“What have you got that the deer won’t like?” I asked the dude at the garden place. This was my favorite nursery, and over the years I spent hundreds of dollars there. I liked the people, I loved their display gardens, and their plant selection was terrific. Unfortunately, they included several invasive species in their stock and promoted them for garden plantings.
“The Japanese Barberry would be great – we have two colors, green and rose. The rose-colored one will look great next to your pale yellow house.”
“Isn’t it invasive?”
“Not up here.”
If a nurseryman tells you something you suspect is invasive “isn’t up here,” you should begin to question his motives. I don’t blame the man too much; after all, his job was to sell plants. Still, I’d like to think that folks who run plant nurseries would have an ecological conscience and would not go out of their way to promote the propagation of invasive species.
But, taking him at his word, I purchased two rosy barberries and planted them at home. They grew, provided nice contrast in the gardens, and the deer left them alone. Life seemed good.
Then a couple years ago the Adirondack Park Invasive Plant Program people put out the word that Japanese barberry (Berberis thunbergii), among other plants, were planta non grata – not only should we not be planting them (even this far north), but we should be going out of our way to eradicate them. This is because once established, the barberry starts to spread. In part this is accomplished vegetatively, but wildlife also help out. Sure, the plant may be deer-proof, but birds (such as ruffed grouse and turkey) and small mammals do enjoy the berries, and as you can see in the photograph, the berries are numerous. Once ingested, the berries get pooped out and sewn about the woods and open places, and since the plant is both sun and shade tolerant, it does well just about any place it lands.
Japanese barberry was first introduced to the US in the late nineteenth century as an ornamental planting at the Arnold Arboretum in Boston, Massachusetts. Soon it was being promoted as the plant to plant instead of European barberry (B. vulgaris), also an exotic. The latter was popular among early settlers as a hedgerow (keep the cattle and sheep in, keep the deer out), but also for dyes and jams. Unfortunately, it was also the host of a disease that did serious damage to wheat crops, so finding an alternative was welcome.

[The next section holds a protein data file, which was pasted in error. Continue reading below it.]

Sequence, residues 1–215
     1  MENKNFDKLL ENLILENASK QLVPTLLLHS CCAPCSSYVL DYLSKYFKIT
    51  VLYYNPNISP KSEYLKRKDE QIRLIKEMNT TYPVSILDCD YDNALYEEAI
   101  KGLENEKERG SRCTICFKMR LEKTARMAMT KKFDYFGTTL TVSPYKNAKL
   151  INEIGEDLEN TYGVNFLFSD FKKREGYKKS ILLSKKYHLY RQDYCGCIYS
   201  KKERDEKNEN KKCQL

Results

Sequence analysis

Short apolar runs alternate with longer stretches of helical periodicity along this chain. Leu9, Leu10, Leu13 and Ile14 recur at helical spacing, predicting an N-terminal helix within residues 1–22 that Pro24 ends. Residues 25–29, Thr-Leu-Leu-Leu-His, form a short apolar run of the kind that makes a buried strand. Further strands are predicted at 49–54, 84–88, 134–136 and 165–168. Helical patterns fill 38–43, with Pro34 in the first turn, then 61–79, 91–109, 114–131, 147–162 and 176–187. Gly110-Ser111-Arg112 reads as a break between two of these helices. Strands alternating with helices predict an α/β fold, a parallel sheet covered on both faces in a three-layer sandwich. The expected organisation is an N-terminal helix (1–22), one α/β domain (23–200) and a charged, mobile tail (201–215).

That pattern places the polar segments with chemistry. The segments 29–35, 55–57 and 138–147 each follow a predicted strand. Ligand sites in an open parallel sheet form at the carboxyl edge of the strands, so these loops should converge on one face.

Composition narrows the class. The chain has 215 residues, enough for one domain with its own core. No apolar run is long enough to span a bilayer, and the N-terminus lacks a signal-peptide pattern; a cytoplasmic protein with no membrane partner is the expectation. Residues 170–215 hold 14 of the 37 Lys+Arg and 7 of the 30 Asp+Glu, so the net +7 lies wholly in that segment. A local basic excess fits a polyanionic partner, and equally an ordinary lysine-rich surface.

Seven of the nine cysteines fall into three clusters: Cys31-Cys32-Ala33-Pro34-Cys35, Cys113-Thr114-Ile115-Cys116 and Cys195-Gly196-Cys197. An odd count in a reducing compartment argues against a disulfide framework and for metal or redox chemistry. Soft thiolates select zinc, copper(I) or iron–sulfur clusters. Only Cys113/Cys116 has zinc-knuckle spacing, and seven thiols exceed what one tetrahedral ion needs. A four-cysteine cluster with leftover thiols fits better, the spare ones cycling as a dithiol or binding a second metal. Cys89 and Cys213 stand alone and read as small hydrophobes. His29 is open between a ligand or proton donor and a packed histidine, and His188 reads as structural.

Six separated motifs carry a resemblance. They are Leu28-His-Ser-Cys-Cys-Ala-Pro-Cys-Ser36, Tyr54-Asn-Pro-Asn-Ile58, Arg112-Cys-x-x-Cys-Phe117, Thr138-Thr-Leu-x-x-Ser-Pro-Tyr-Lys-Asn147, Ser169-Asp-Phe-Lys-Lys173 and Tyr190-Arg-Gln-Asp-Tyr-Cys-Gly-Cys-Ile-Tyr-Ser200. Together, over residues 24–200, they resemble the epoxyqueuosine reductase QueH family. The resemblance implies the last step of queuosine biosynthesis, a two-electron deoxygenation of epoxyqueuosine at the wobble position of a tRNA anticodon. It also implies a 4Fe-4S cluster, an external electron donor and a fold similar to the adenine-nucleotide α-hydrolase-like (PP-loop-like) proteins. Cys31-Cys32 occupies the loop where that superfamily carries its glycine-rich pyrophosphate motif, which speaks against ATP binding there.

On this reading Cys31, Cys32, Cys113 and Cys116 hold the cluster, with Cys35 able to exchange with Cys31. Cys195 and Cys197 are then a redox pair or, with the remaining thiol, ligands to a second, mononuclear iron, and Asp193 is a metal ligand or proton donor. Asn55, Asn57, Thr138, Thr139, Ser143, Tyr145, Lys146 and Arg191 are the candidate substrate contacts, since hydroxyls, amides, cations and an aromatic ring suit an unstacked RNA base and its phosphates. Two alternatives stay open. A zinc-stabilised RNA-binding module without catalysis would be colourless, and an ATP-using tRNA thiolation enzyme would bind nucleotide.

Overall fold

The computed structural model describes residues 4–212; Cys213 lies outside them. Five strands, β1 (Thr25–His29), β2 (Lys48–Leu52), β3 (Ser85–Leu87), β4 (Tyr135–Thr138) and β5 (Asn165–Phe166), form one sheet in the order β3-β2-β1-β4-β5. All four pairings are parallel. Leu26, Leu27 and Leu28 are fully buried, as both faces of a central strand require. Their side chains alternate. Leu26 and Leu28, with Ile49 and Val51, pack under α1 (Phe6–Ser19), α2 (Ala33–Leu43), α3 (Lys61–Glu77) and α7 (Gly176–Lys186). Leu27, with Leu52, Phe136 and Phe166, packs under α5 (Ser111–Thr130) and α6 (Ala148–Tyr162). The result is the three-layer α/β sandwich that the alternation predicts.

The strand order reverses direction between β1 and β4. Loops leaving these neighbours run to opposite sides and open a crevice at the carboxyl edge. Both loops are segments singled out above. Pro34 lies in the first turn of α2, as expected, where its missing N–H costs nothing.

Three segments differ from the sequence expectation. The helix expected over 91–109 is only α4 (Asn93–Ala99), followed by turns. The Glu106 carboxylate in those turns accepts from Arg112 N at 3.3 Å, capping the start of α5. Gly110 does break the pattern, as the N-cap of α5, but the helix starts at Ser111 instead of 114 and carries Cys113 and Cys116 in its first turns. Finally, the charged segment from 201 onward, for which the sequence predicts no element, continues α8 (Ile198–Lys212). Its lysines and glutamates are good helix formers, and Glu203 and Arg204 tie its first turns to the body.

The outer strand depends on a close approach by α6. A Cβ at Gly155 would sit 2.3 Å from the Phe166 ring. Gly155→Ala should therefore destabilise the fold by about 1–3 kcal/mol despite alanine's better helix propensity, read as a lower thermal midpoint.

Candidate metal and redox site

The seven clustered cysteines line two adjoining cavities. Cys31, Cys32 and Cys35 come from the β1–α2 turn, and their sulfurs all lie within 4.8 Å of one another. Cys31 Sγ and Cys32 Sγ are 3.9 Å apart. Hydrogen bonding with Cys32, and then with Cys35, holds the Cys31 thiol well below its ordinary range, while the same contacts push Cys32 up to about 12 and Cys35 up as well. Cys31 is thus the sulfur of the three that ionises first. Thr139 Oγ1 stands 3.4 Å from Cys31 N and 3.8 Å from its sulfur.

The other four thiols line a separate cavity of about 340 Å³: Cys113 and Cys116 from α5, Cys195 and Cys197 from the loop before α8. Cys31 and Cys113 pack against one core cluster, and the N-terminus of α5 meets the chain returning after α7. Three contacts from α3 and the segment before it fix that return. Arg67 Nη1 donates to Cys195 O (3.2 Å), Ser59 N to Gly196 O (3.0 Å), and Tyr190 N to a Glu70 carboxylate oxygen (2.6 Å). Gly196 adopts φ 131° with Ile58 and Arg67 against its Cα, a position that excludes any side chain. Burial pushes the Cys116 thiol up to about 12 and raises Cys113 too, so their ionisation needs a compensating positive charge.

Today you find plantings of Japanese barberry everywhere, especially in median plantings around parking lots. I suspect this has less to do with keeping the deer from eating them than it does with keeping people from walking across these mini-gardens. And every one of these bushes is producing seeds galore, which all the birds are eating and distributing, potentially spreading the plant into the countryside where it can take over our remaining open spaces, its dense clusters readily pushing out native vegetation. Not only that, but Japanese barberry has been known to alter soil pH, nitrogen levels, and even disrupt the soil’s biological activity. All in all, it is a bad character.
Fortunately, removing barberry is fairly easy, provided it hasn’t grown too tall (they can reach eight feet in height). All you need is a pair of thick gloves and a good shovel. The plant has a fairly shallow root system, so some judicious loosening of the soil around the roots should make it easy to pull out. You want to be sure to get all the roots, for they can resprout. Should you miss some of the roots, you have a couple options. The easiest is simply to keep mowing down (or pulling out) anything that resprouts. The other is to treat the new stems with an herbicide, such as glyphosate, but this should be used a last resort, keeping in mind that such toxins are non-selective and will do in other plants as well.
Now, I know what you’re thinking. Once you remove the offending shrubbery, you will have a gaping hole in your landscaping. This is not visually appealing, so you may be reluctant to remove the invader. Well, fear not! There are plenty of native plants that you can use to replace the interloper: spicebush (Lindera bensoin), swamp rose (Rosa palustris), pasture rose (Rosa carolina), native gooseberries and currents (Ribes Americana, R. cynobati, R. lacustre, R. triste), northern bayberry (Myrica pensylvanica), ink-berry (Ilex glabra), winterberry (Ilex verticillata), and arrow-wood (Viburnum dentatum), to name a few.
So go on out and patrol your property. If you find a barberry, cut its life short. You’ll be doing the landscape, and the wildlife, a favor, especially if you replace it with a native shrub that produces berries that the locals enjoy.